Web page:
Small Pelagic Fishery Total Allowable Catches for 2014-15 Season

On 28 April 2014 the Australian Fisheries Management Authority Commission set the total allowable catch (TAC) limits in the Small Pelagic Fishery (SPF). Table 1 shows the total allowable catches for the 2014-15 season.  The new TACs are similar to those set for 2013-14 season, with the exception of Australian Sardine that increased from 270 tonnes to 560 tonnes. In making this decision the Commission took into account the following considerations:

Sustainability of catches

  • The recommended total catch limit from all sources of mortality is currently less than 7.5 per cent of the spawning biomass estimates consistent with the Tier 2 guidelines in the SPF Harvest Strategy. This means that 92.5% of the estimated spawning biomass is left in the water. This is consistent with international guidance contained in the Lenfest Forage Fish Task Force (2012) report.
  • The TACs are consistent with AFMA’s legislative objectives. In the context of the objective of ecologically sustainable development, the Commission noted the TACs were consistent with the precautionary principle and integrated social and equity considerations, noting the varied uses of Small Pelagic Fish including their importance in the marine food chain, for recreational fishing bait, aquaculture and human consumption.
  • The TACs are based on the best available science. The recommended total catch limits from all sources of mortality were supported by all scientific members on the Small Pelagic Fishery Resource Assessment Group (SPFRAG). The Commission noted two objections from other members of the SPFRAG, however, the Commission considered the scientific members’ recommendations were sound. The Commission decision differed from the TAC recommendation from the South East Management Advisory Committee (SEMAC) because it took into account new information relating to the take of small pelagic species by state government managed fisheries.
  • The Commission considered both the age and availability of data and agreed with scientific members on the RAG that there were sufficient data to set the TACs in-line with Tier 2 of the SPF Harvest Strategy.

State catches

  • The SPF TACs are calculated by deducting other forms of mortality (primarily catches from other jurisdictions) from the recommended total catch from all sources of mortality. The Commission noted the possible development of a new sardine fishery in Tasmanian waters and that may result in a level of harvesting greater than the recommended biological catch for the eastern stock in the short term.  The Commission directed AFMA Management to write to the Tasmanian Government to work collaboratively to ensure total catches remain sustainable.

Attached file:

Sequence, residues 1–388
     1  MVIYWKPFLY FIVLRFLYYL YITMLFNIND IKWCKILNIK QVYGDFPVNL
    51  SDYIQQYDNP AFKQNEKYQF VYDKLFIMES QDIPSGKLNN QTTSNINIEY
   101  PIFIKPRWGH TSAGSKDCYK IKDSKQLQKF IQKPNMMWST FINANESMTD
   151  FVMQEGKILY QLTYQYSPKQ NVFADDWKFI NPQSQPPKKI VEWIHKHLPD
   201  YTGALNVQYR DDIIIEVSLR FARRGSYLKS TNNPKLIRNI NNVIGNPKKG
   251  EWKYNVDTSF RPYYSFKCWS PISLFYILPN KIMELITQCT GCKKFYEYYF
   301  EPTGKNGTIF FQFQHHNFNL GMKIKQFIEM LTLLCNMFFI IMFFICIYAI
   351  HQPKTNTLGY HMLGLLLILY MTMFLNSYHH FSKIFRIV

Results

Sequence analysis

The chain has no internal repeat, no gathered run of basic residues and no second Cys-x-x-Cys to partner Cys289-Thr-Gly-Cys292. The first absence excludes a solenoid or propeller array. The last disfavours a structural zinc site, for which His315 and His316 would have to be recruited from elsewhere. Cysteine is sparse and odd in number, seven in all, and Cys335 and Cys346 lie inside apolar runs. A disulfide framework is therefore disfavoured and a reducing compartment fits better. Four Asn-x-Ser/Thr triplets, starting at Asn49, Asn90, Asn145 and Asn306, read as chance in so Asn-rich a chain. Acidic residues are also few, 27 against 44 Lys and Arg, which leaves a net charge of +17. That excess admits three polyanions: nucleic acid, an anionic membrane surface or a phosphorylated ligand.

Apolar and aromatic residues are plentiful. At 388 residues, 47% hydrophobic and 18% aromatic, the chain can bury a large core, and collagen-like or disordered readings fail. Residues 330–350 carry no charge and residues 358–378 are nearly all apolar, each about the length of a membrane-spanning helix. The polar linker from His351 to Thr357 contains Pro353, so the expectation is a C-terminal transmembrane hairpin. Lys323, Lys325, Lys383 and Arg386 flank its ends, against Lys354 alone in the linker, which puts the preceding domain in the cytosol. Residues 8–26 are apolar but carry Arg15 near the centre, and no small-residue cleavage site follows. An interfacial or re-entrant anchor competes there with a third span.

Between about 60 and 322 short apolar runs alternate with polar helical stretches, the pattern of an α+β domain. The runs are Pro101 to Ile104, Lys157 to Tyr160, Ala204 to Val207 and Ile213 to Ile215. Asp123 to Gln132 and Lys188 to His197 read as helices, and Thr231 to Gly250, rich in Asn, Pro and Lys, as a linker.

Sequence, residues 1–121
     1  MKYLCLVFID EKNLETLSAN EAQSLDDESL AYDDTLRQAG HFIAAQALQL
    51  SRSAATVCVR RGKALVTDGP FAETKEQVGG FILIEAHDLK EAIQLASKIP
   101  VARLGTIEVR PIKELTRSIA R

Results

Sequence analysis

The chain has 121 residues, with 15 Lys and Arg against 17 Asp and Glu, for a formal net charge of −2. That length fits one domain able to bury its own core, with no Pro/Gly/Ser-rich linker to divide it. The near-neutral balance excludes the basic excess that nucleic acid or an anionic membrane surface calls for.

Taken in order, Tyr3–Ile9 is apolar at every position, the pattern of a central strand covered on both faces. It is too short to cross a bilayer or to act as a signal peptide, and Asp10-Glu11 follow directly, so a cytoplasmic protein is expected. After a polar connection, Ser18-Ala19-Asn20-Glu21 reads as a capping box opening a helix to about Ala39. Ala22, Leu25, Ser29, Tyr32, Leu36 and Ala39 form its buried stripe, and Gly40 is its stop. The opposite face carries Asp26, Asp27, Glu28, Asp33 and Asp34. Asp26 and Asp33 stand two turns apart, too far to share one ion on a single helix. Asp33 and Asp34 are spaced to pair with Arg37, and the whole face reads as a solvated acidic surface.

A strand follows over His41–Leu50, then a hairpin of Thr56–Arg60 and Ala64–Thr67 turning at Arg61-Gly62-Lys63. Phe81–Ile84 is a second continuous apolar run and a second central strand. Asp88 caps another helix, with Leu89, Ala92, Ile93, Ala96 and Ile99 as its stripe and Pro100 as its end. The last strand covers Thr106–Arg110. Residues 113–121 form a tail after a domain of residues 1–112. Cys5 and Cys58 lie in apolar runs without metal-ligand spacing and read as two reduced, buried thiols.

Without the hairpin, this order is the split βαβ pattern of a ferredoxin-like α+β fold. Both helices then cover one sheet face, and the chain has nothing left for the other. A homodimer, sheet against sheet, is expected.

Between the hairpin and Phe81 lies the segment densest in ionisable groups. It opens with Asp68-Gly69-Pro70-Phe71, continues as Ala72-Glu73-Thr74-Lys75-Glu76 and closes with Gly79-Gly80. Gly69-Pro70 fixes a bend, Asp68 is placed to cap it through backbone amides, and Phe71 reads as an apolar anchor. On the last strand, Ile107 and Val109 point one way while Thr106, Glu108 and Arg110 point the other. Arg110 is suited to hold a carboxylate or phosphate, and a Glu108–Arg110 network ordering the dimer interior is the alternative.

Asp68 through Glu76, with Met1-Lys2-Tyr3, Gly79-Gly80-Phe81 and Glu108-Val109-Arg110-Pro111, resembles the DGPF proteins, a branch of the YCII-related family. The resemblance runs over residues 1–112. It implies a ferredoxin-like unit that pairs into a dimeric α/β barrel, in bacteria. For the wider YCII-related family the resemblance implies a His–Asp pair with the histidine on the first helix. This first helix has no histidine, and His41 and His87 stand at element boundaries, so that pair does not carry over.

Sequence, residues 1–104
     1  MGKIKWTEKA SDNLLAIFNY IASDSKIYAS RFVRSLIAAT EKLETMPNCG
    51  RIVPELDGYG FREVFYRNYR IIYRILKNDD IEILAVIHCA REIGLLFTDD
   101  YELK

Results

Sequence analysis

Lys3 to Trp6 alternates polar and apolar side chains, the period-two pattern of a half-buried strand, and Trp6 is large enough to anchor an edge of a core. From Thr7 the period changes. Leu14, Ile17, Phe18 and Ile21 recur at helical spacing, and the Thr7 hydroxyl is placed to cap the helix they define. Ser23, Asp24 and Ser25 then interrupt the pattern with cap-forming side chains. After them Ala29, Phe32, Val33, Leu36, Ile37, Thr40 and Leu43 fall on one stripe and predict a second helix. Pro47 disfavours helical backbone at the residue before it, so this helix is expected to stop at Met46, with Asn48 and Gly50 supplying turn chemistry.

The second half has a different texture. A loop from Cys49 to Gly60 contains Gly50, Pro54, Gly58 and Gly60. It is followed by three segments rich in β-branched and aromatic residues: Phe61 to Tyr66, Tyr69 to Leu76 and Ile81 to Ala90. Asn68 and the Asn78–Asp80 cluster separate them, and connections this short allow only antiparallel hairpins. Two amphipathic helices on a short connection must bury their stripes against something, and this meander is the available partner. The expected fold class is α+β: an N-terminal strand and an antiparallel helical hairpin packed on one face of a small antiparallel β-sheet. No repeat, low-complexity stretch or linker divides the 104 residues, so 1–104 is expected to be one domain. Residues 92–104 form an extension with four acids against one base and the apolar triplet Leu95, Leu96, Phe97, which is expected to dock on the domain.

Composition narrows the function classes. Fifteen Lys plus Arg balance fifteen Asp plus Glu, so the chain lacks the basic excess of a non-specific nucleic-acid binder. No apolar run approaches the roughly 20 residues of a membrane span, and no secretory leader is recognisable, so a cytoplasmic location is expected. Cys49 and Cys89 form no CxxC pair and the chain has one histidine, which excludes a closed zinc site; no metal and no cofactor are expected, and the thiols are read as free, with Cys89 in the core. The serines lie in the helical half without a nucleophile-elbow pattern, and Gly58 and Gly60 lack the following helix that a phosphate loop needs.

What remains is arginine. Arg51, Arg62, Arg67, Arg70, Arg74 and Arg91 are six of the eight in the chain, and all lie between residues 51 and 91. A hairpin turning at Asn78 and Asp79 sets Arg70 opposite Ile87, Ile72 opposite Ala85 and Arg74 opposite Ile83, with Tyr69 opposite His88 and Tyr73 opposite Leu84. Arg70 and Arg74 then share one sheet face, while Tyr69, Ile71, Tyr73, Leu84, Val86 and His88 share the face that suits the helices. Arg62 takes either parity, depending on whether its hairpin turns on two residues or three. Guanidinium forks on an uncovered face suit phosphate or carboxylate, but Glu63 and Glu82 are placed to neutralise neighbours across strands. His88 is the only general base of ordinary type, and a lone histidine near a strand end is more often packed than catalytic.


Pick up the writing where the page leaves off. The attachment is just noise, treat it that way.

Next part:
• In setting the eastern Australian Sardine TAC the Commission noted that state catches in the coming year would be taken into account in the next season’s TACs providing for sustainable catches over time.

Ecosystem impacts

In setting the SPF TACs the Commission considered the issues of bycatch and localised depletion.  In doing so the Commission noted:

  • the SPF is highly selective and has low rates of bycatch;
  • the SPF has best practice management measures in place to ensure that there is minimal risk of bycatch of threatened, endangered and protected species, including seal excluder devices and Vessel Management Plans to minimise the risk of interactions with seals, seabirds and dolphins;
  • the scientific members on SPFRAG have previously advised that there is a low risk of localised depletion occurring in the SPF at the current low harvest levels;
  • the SPF Harvest Strategy provides for a reduction in TACs or other measures such as spatial management if there is evidence of localised depletion or a concerning trend in age / size structure of the catch; and
  • should localised depletion be detected AFMA will introduce management arrangements in response.
Small Pelagic Fishery total allowable catches for 2014-15 season
Species Eastern Zone TAC (tonnes) Western Zone TAC (tonnes)
Blue Mackerel (Scomber australasicus) 2,660 6,500
Redbait (Emmelichthys nitidus) 5,000 5,000
Jack Mackerel (Trachurus declivis, T. murphyi) 10,230 5,000
Australian Sardine (Sardinops sagax) 560 n/a